Mineral Resources:

Mineral Volume, Value, and Revenue

GAO-13-45R: Published: Nov 15, 2012. Publicly Released: Dec 12, 2012.

Additional Materials:


Anne-Marie Lasowski Fennell
(202) 512-3841


Office of Public Affairs
(202) 512-4800

What GAO Found

In summary, there were nearly 70 different types of leasable minerals extracted from federal lands and waters in fiscal years 2010 and 2011, but their volume cannot be aggregated because they use different units of measure. For example, the volumes of the four most valuable of these minerals--oil, gas, natural gas liquids, and coal--are measured in barrels, million cubic feet (mcf), gallons, and tons, respectively. According to ONRR data, the total value of all leasable minerals extracted from federal and Indian land and sold in fiscal years 2010 and 2011 was $92.3 billion and $98.6 billion, respectively.

The resulting revenue to the federal government from mineral leasing activity on federal and Indian land in fiscal years 2010 and 2011 was $11.3 billion and $11.4 billion, respectively. Of this amount, oil, gas, and natural gas liquids accounted for the majority of the revenue--$10.1 billion in each fiscal year. The bulk of this revenue comes from royalties, which accounted for 92.8 percent of total revenue in 2011.

The mechanisms used to calculate the three types of leasable mineral revenue--bonus bids, rents, and royalties--vary widely. For example, for oil and gas leases, bonus bids--up-front payments to obtain a lease--are determined by a competitive bidding process, with leases going to the highest bidder. Prior to the competitive bidding, Interior sets a minimum acceptable bonus bid for each offshore parcel and a minimum per acre bid amount for each onshore parcel offered for lease. Rent is charged annually for a lease until production begins or the lease is terminated or relinquished. Royalty rates depend on the mineral and are generally calculated based on a proportion of sales value, less allowable deductions, such as transportation and processing allowances.

Regarding the availability of data on hardrock minerals, we found that federal agencies generally do not collect data from hardrock mine operators on the amount and value of hardrock minerals extracted from federal lands because there is no federal royalty that would necessitate doing so. Furthermore, while many western states collect data on the hardrock minerals produced in their state for purposes of assessing a state royalty, they generally do not collect data on the volume of those minerals extracted from federal land within those states. The Department of the Interior is now working to implement an international initiative to promote openness and accountability in the oil, gas, and mining sectors called the Extractive Industries Transparency Initiative. This initiative is currently in the beginning stages of implementation--consequently it is unclear what affect, if any, it will have on reporting requirements for operators of hardrock mines on federal lands. Interior officials told us that they expect to finish implementing this initiative in about 4 years.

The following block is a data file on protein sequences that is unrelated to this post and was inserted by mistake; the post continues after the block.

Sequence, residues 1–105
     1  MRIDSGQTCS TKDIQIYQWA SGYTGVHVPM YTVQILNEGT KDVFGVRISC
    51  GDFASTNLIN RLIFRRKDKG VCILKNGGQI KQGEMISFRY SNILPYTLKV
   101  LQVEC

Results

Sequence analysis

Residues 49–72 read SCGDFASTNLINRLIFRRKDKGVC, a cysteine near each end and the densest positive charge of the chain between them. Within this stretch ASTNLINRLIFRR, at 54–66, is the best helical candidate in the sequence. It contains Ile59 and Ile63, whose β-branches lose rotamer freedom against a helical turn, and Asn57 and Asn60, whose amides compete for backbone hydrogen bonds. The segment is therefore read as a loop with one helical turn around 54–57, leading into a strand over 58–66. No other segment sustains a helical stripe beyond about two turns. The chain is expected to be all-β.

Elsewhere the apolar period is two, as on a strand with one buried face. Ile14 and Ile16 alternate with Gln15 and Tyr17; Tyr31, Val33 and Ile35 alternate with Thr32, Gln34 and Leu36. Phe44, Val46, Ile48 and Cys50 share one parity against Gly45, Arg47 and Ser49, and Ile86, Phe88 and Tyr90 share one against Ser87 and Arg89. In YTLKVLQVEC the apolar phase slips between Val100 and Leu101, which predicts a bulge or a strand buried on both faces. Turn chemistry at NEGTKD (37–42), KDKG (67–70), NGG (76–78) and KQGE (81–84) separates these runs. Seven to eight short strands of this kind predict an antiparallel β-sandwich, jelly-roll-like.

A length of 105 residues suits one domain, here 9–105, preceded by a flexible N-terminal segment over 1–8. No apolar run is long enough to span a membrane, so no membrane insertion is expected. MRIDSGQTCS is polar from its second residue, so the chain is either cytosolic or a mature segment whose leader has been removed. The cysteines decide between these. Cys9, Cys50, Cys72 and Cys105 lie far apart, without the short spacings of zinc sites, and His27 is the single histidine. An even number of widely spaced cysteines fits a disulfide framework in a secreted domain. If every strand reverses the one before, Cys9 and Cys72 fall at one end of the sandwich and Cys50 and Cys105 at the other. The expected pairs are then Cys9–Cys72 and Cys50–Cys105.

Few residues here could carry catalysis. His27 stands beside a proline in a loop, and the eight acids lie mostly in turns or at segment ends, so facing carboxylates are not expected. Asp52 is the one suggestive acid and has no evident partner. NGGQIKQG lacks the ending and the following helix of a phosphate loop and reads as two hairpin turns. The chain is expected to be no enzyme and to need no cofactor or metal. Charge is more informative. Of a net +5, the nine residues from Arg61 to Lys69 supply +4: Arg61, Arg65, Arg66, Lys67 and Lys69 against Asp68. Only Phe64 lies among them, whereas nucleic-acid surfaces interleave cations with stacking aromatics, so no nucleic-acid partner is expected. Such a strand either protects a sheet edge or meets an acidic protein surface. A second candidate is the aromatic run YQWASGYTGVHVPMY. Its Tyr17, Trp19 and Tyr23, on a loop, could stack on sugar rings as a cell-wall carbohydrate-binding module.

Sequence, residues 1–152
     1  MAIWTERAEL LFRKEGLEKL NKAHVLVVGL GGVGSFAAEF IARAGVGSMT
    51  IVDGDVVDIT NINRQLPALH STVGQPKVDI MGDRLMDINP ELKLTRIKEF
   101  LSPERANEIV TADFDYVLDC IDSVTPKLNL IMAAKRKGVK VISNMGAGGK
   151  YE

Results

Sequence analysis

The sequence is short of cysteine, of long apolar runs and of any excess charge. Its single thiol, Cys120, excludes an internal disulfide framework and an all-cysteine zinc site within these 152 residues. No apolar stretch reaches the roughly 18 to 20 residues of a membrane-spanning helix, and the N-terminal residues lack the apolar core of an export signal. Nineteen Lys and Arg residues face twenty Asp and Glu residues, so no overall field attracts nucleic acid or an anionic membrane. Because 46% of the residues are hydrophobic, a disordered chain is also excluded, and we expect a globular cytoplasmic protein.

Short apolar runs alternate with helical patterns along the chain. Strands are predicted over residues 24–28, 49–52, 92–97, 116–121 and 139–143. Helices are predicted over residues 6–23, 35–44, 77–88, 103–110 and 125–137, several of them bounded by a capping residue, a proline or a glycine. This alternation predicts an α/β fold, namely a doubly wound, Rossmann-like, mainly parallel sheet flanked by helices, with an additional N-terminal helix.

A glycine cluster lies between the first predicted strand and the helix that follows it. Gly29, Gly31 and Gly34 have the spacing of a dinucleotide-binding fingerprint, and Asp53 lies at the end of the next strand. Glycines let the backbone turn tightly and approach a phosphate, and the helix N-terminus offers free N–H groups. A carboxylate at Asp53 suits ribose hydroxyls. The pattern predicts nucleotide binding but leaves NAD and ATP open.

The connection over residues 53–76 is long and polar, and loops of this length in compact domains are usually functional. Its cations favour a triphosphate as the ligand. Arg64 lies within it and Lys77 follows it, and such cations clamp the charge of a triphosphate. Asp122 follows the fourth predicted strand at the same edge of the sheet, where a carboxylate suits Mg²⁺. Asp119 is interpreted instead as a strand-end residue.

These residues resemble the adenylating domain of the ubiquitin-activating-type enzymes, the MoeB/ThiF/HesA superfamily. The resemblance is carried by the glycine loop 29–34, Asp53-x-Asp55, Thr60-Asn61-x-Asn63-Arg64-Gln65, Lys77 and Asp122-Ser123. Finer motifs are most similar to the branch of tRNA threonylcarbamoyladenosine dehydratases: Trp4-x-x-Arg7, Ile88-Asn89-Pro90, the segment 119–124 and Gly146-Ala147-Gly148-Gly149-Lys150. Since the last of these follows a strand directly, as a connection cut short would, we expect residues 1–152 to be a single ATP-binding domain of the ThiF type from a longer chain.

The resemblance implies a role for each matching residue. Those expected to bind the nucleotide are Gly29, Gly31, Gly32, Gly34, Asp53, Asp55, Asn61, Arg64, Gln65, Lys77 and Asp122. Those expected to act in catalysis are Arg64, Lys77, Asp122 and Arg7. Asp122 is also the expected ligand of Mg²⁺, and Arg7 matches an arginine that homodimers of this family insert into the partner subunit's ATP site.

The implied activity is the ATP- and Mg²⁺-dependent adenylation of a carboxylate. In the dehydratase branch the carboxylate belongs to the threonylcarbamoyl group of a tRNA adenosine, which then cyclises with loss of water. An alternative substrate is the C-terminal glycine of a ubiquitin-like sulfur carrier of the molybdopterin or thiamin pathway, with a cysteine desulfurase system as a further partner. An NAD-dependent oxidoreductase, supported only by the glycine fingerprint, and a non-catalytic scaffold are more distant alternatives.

Why GAO Did This Study

The Department of the Interior (Interior) administers minerals found in over 700 million acres of federal lands, 57 million acres on Indian lands, and 1.8 billion acres below offshore waters. Operators who lease these lands and extract these minerals pay billions of dollars annually that are shared among federal, state, and Indian tribal governments and are one of the largest nontax sources of revenue to the federal government. Some of these minerals, such as oil, gas, and coal, are available through leases requiring payments in the form of rents and bonuses, which are required to secure and maintain a lease, and royalties, which are based on the value of the minerals that are extracted. These minerals are generally known as leasable minerals. The Department of the Interior's Office of Natural Resources Revenue (ONRR) is responsible for compiling data on the volume and value of leasable minerals produced from all federal and Indian lands where there is a trust responsibility, and collecting the appropriate payments. In contrast, other minerals, such as gold, silver, and copper, are governed by the General Mining Act of 1872, which makes these minerals available to operators through a federal claim-patent system that provides the right to explore, extract, and develop the federal mineral deposit without having to pay a royalty. These minerals are generally known as hardrock minerals.

Congress asked us to review minerals extracted from federal lands. Our objectives were to provide information on the (1) volume and dollar value of leasable minerals extracted from federal lands and waters in fiscal years 2010 and 2011; (2) amount the federal government collected for leasable minerals in royalties, rents, bonuses, and other revenue and how this amount was calculated; and (3) availability of data on the volume and dollar value of hardrock minerals extracted from federal lands in fiscal years 2010 and 2011.

For more information, please contact Anne-Marie Fennell at (202) 512-3841 or fennella@gao.gov.

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